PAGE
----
Rail worker negotiations continue late into Wednesday


WASHINGTON (NewsNation) — President Joe Biden’s administration was in constant meetings Wednesday with rail companies and unions at the U.S. Department of Labor, urging all sides to stay at the table and make a deal before Friday’s deadline to avoid a strike.

There’s already been some impact on the president’s go-to mode of transportation, Amtrak, and now Biden says he’s working to avert the crisis before things get worse. 

If a deal is not reached, it would be the industry’s first work stoppage in 30 years.

Railroads including Union Pacific, Berkshire Hathaway’s BNSF and Norfolk Southern have until a minute after midnight Friday to reach deals with three holdout unions representing about 60,000 workers before a work stoppage affecting freight and Amtrak could begin, according to Reuters.

Talks between labor unions and railroads, which started at 9 a.m., were still underway more than 12 hours later after 9 p.m. ET on Wednesday at the U.S. Labor Department’s headquarters in Washington.

A nationwide shutdown of the rail industry would affect everything from supply shipments, and of course, commutes across the country.

Amtrak released a statement Wednesday night saying it was “closely monitoring the unfolding negotiations.

“While we are hopeful that parties will reach a resolution, Amtrak has now begun phased adjustments to our service in preparation for a possible freight rail service interruption later this week,” the rail service’s statement said. “Such an interruption could significantly impact intercity passenger rail service, as Amtrak operates almost all of our 21,000 route miles outside the Northeast Corridor (NEC) on track owned, maintained, and dispatched by freight railroads.”

A worker rides a rail car at a BNSF rail crossing in Saginaw, Texas, Wednesday, Sept. 14, 2022. Business and government officials are preparing for a potential nationwide rail strike at the end of this week while talks carry on between the largest U.S. freight railroads and their unions. (AP Photo/LM Otero)

Amtrak announced the following line closures for Thursday, Sept. 15:

Capitol Corridor, Amtrak CascadesHeartland Flyer, Illinois Service, Michigan Service, Pacific Surfliner (partial), Piedmont, San Joaquins, Springfield Service (north of Springfield), and Virginia Service.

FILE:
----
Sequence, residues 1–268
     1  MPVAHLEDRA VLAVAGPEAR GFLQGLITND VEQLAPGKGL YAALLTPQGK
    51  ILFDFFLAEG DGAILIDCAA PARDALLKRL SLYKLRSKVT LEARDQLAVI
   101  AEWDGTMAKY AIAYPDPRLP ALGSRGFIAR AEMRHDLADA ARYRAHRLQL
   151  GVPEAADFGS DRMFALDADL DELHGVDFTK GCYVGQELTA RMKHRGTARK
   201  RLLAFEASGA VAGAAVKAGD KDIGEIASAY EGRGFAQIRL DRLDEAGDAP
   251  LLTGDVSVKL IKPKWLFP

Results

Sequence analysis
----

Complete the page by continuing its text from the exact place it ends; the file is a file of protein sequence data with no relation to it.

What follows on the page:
The White House says negotiations have been ongoing for months. In those talks, U.S. Transportation Secretary Pete Buttigieg and Agriculture Secretary Tom Vilsack have reportedly urged all involved to stay at the table.

The Biden administration, however, is working on a backup plan should the talks stall.

“We are working with other modes of transportation, including the shippers and truckers, air freight, air freight, to see how they can step in and keep goods moving in case of this rail shutdown,” said White House press secretary Karine Jean-Pierre.

But that may not be a load the trucking industry can take on. Truckers are facing their own challenges and driver shortages, and it’s estimated it would take roughly 467,000 long-haul trucks to pick up that slack.

“There can be some help but there is no way there is to completely replace to take care of that tonnage that goes on rail,” said Susan Kirkpatrick of Buddy Moore Trucking. “The reason you see so many trains is because it takes trains to get product from point A to point B.”

If an agreement is not reached, Congress and Biden could step in and force workers back on the job while extending talks.

FILE – A BNSF railroad train hauling carloads of coal from the Powder River Basin of Montana and Wyoming is seen east of Hardin, Mont., on July 15, 2020. Business and top officials are bracing for the possibility of a nationwide rail strike on Friday, Sept. 16, 2022, while talks continue between the nation’s largest freight railroads and their unions. (AP Photo/Matthew Brown, File)

A shutdown of the rail industry would have wide reach impacts on the energy sector, retail shopping, agriculture and the auto industry.

Nearly all new vehicles that travel more than a couple hundred miles from the factory to their destination are shipped by rail because it’s more efficient, said Michael Robinet, an executive director for S&P Global Mobility in an interview with The Associated Press. So it’s almost a certainty that new vehicles coming to the U.S. from Mexico or other countries will be delayed, he said.

“It’s not like there’s extra truck capacity to take all the vehicles that the railroads can’t carry,” Robinet said.

Gas prices could rise too if there is a rail strike, as nearly 300,000 barrels of crude oil travel by rail everyday. Likewise, 5 million barrels of propane, a third of U.S. consumption, travels by rail every month.

Nearly 75% of coal and 70% of ethanol travel by rail in the U.S.

Meat and poultry farmers could be severely impacted by the stoppage as well, as most of the feed for their animals travels by rail.

Every week, the nation’s chicken industry receives about 27 million bushels of corn and 11 million bushels of soybean meal to feed chickens, said Tom Super, senior vice president of the National Chicken Council in an interview with The Associated Press.

Just in time for the busy holiday shopping season, the rail strike also threatens to drastically hamper retail stores ability to stock their shelves.

“As we have seen in the past two and half years, if there is a breakdown anywhere along the supply chain, one link falters, you see that ripple effect pretty quickly and those effects just spread from there,” said Jesse Dankert, vice president of supply chain at the Retail Industry Leaders Association, a retail trade group that counts more than 200 retailers like Best Buy as its members.

The Associated Press and Reuters contributed to this report.

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